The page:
Another way we sometimes blame the victim is through what is called ‘Attribution Error or Bias.” This occurs when we point an accusatory finger toward internal, personal characteristics as the cause for someone else’s problem, e.g., as an explanation for why they were a fraud victim, while – at the same time – conveniently ignoring any external, outside forces that may have also contributed.


First, we need to remember that making changes is a process. It’s not going to happen overnight. But a good place to begin is with self-examination, empathy, and awareness. These are key factors in moving away from the habit of blaming the victim. We can take the time to look inside and begin to notice our thought patterns and have the courage and the will to change those patterns if we don’t like what we see. We can develop greater empathy for others by imagining what it would be like to walk a mile in their shoes. We can continue to educate ourselves by reading articles and watching videos that address the issues involved in blaming the victim (see suggested REFERENCES below). We can encourage fraud victims to speak out about fraud, to report scams to the appropriate authorities, to join support groups if needed so they can heal. In short, we can learn to be a better friend of fraud victims — if we choose to do so. Where there is a will, there will always be a way.


If you’d like to share a personal scam story or have any questions or thoughts about scams that target seniors, please feel free to write to me at “Dear Sherry” at Not Born Yesterday! P.O. Box 722, Brea, CA 92822 or nbynews@juno.com. I’d love to hear from you. Thanks!

Be Empowered. Find Your Voice. Speak Out About Fraud!



Federal Trade Commission at 877-382-4357 or online at https://www.ftccomplaintassistant.gov/#crnt&panel1-1.

For questions about Medicare fraud / abuse, contact Senior Medicare Patrol (SMP*) at 1-855-613-7080.

U.S. Senate Special Committee on Aging’s Fraud Hotline at 1-855-303-9470.



Sign up for this free online course (6:44 minutes video) — “In Scams, It’s not the victim’s fault,” at https://elearn.aarp.org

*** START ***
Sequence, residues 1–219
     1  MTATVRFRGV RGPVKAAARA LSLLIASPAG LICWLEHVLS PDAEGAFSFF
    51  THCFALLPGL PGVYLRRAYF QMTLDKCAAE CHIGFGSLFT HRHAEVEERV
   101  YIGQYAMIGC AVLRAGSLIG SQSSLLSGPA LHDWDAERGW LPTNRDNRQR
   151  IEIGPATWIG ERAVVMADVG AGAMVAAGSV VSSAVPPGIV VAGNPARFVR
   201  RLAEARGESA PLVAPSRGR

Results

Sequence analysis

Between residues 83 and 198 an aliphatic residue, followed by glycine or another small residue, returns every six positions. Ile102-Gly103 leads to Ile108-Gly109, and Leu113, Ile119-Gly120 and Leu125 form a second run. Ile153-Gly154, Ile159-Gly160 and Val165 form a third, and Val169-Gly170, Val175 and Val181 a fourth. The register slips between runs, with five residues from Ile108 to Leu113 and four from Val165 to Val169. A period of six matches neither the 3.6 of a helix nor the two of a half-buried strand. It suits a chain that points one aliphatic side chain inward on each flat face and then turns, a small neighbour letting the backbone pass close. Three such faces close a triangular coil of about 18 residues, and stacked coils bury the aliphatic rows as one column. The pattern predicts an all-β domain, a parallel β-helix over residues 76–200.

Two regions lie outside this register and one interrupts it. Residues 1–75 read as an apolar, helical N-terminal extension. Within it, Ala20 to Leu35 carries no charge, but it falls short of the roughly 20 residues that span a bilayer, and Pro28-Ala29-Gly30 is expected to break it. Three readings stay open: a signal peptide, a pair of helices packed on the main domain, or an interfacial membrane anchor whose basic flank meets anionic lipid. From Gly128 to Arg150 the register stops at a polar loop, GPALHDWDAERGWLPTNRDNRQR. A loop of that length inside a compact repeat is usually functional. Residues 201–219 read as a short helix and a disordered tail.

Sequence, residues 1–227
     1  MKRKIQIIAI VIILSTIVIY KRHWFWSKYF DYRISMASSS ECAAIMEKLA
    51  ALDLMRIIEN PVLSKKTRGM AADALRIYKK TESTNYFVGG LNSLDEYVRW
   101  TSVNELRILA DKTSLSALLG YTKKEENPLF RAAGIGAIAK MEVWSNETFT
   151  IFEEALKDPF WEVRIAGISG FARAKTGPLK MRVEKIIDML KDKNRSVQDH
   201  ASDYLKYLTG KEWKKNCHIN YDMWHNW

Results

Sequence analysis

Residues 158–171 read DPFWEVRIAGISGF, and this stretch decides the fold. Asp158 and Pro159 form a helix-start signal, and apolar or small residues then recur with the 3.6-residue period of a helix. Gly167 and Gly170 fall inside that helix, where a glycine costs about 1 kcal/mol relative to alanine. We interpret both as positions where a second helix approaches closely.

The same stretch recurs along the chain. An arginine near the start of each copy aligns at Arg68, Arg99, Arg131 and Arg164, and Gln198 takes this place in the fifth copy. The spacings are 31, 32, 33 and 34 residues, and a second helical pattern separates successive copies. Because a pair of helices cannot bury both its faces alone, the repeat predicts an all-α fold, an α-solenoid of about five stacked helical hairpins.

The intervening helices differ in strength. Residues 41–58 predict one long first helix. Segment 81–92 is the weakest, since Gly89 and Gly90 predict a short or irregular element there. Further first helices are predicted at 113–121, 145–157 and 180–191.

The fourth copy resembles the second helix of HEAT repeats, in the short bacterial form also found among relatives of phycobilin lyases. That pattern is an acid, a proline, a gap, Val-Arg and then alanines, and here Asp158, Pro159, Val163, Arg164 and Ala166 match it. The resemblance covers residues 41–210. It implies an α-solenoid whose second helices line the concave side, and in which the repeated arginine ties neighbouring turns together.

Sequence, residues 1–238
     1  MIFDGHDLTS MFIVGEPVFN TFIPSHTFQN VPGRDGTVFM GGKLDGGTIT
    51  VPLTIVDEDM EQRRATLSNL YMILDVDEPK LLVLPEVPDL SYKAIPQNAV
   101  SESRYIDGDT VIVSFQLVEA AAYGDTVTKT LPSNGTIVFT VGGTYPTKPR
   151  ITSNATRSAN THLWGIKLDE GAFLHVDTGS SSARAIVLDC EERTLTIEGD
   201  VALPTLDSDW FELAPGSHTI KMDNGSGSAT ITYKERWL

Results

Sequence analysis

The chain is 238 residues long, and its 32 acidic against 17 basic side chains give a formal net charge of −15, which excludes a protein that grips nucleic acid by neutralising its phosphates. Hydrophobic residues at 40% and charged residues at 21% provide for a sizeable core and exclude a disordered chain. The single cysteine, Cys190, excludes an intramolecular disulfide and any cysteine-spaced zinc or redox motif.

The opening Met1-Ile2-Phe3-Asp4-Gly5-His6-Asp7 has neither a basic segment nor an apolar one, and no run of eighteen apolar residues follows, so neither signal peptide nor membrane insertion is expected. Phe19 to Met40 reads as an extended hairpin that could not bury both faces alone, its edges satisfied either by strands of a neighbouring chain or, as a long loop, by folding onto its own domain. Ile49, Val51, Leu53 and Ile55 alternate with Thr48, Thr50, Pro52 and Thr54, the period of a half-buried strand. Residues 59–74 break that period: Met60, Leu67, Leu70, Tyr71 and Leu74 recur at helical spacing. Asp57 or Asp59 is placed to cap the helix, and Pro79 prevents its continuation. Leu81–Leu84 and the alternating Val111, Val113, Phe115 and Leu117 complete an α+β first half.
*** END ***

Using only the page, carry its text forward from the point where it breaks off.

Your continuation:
Wilson LPC ACS, Cathy. The Emotional Impact of Being Scammed and How to Recover. LifePaths PLLC. Kindle Edition.


http://www.fraudaid.com/library/articles/12_steps.htm — “Coping With The Aftermath Of A Fraud: 12 steps to getting your life back on track,” by Annie McGuire, fraud victim, Fraud Victim Advocate, Founder – Fraud Aid, Inc.



Why do we Victim Blame, Ellie Rowe, January 2020.


https://www.verywellmind.com/why-do-people-blame-the-victim-2795911 – Why Do People Blame The Victim, Kendra Cherry, July 23, 2020.


https://www.theatlantic.com/science/archive/2016/10/the-psychology-of-victim-blaming/502661/ — The Psychology of Victim Blaming, Kayleigh Roberts, October 5, 2016.


https://www.theguardian.com/us-news/2018/feb/27/victim-blaming-science-behind-psychology-research – Why We’re Psychologically Hardwired to Blame the Victim, Maia Szalavitz, February 27, 2018.



Caption: SSSAP cast, along with Eugene Owens, Librarian at Exposition Park Los Angeles Regional Library, and Anthony Montiel, Director of Claude Pepper Senior Center, pose with the LA City Council Resolution making May 15th, 2023, Senior Fraud Awareness Day.



On Wednesday, October 4th, SSSAP will bring its education program to the Culver City Senior Center.

On Wednesday, November 15th, from 11am – 12:30pm, SSSAP will be presenting its education program at the Palisades Branch Library, 310-459-2754, 861 Alma Real, Pacific Palisades, CA 90272  


Dr. Sherry McCoy, PhD is a freelance writer & actor for the Stop Senior Scams ℠ Acting Program (SSSAP) in Los Angeles. Follow SSSAP on Facebook at https://www.facebook.com/SSSAP2016/?fref=ts. For more info re: SSSAP, contact Adrienne Omansky at SSSAP4U@gmail.com. Questions for the writer should be directed to “Dear Sherry” at Not Born Yesterday! P.O. Box 722, Brea, CA 92822 or nbynews@juno.com.